Via the Gatestone Institute (by Yves Mamou):
- For our ambassadors, terrorism does not exist in "Palestine". They just whisper Quixotically about "the need for security" for Israel.
- The obvious conclusion is that they are just trying to hide their own detestation of Israel behind the Arab one.
- The problem is not Jewish "settlers" in "Palestine". Before 1967, there were no settlements, then what was the Palestine Liberation Organization "liberating" when it was created in Cairo in 1964? The answer, as the PLO was the first to admit, was "Palestine" -- meaning the entire state of Israel, regarded by many Arabs as just one big settlement. Just look any Palestinian map.
- The problem is that these ambassadors are not as dangerous to Israel as they are to Europe and the free world, as they keep on succumbing to the demands of Islam.
Do not forget these names: Yves Aubin de La Messuzière; Denis Bauchard; Philippe Coste; Bertrand Dufourcq; Christian Graeff; Pierre Hunt; Patrick Leclercq; Stanislas de Laboulaye; Jean-Louis Lucet; Gabriel Robin; Jacques-Alain de Sédouy and Alfred Siefer-Gaillardin.
These men are retired French ambassadors. They are apparently well educated, very polite and aristocratic people and they regularly publish op-eds in Le Monde. However, they publish in Le Monde only to threaten Israel.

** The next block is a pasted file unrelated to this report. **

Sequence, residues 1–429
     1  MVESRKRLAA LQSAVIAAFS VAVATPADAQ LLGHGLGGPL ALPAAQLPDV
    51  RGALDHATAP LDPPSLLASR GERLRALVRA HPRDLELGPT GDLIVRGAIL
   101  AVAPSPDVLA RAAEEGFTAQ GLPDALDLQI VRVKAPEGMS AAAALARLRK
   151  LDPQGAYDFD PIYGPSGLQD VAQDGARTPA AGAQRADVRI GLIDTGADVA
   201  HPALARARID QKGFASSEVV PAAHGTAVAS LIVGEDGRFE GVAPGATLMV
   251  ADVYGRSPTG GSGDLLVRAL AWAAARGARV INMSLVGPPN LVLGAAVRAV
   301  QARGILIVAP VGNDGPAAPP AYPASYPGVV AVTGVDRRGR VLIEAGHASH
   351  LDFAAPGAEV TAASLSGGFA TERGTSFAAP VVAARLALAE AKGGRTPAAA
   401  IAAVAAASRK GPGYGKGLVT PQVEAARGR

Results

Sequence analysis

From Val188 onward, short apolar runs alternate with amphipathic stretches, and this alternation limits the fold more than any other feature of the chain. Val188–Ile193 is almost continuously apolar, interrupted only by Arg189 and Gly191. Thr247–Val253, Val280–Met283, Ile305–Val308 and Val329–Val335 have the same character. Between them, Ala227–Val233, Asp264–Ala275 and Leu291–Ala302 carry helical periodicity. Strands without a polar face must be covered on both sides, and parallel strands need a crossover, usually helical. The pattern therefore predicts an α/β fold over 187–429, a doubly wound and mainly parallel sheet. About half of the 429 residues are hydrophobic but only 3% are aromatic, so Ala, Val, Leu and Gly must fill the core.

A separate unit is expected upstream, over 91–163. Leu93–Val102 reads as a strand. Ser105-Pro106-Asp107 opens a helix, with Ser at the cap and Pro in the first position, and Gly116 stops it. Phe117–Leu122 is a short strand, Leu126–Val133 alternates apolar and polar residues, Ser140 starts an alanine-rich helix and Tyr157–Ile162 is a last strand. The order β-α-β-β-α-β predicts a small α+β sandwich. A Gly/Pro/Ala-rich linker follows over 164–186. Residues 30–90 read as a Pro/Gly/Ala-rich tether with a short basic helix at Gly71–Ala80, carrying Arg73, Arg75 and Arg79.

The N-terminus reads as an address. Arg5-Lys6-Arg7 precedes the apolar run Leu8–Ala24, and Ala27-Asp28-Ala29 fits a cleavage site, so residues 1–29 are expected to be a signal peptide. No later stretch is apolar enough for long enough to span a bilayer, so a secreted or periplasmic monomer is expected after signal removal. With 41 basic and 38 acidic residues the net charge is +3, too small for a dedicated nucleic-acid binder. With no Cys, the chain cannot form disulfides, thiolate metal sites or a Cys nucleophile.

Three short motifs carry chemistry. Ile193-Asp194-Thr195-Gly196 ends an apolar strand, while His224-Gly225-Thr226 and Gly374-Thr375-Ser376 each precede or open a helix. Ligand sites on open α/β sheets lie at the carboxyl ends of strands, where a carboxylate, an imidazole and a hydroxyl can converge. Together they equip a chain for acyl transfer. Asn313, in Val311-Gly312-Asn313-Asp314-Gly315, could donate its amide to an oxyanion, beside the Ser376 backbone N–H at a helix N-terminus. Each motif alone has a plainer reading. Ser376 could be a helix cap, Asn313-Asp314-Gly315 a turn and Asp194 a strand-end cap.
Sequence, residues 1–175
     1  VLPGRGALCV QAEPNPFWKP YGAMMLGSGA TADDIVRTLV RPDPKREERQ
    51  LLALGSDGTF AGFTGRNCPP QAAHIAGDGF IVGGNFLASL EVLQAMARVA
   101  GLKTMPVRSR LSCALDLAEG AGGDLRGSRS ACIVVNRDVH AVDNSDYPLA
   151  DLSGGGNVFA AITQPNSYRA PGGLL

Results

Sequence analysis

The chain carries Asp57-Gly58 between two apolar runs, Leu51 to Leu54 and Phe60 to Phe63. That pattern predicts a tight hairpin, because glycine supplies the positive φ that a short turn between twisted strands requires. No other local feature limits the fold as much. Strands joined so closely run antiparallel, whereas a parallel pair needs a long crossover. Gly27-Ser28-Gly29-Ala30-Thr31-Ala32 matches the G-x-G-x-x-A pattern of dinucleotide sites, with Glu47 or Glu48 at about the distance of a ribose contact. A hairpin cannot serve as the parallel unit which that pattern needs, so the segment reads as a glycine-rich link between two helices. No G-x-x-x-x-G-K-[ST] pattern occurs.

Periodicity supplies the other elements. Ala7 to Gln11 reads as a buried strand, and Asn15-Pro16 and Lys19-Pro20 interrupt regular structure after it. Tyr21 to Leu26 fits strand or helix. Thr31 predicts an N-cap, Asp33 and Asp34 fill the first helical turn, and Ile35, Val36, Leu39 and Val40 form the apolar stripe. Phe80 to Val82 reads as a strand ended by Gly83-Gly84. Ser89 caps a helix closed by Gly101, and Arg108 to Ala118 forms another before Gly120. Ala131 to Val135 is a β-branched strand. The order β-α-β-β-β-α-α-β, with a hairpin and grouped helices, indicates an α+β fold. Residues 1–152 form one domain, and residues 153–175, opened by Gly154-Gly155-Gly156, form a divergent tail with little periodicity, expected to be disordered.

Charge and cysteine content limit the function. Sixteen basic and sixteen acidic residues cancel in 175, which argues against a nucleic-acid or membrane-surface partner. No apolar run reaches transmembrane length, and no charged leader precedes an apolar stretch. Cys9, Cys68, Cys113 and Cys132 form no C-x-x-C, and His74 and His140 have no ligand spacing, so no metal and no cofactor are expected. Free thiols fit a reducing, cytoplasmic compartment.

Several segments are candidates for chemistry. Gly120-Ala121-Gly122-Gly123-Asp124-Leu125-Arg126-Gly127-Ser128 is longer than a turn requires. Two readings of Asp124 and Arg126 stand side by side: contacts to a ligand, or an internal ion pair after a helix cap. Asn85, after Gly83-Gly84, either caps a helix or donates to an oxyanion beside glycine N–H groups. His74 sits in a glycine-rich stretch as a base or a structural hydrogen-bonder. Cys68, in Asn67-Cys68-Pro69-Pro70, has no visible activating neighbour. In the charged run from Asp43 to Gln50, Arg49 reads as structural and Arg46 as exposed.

Their most recent op-ed in Le Monde on January 9, 2017, was to explain how an international conference on the Middle East, the one which scheduled for January 15 in Paris, would be beneficial for the "security" of Israel. Their text is a discouraging enumeration of traditional clichés of France's hypocritical diplomacy.
Example: "For the Palestinians, nothing is worse than the absence of a state". In which way is it the worst? As Bret Stephens wrote this week in the Wall Street Journal:
"Have they experienced greater violations to their culture than Tibetans? No: Beijing has conducted a systematic policy of repression for 67 years, whereas Palestinians are nothing if not vocal in mosques, universities and the media. Have they been persecuted more harshly than the Rohingya? Not even close."
Stephens also noted that:
"a telling figure came in a June 2015 poll conducted by the Palestinian Center for Public Opinion, which found that a majority of Arab residents in East Jerusalem would rather live as citizens with equal rights in Israel than in a Palestinian state. "
The French ambassadors, however, do not explain. They just add: "The Proclamation of a Palestinian state will certainly not change anything on the ground," but they say that they hope this symbolic move will create "a new dynamic imposing new realities". Hmm. Now what could these "new realities" be in a Palestinian state in the middle of a war-torn Middle East?read more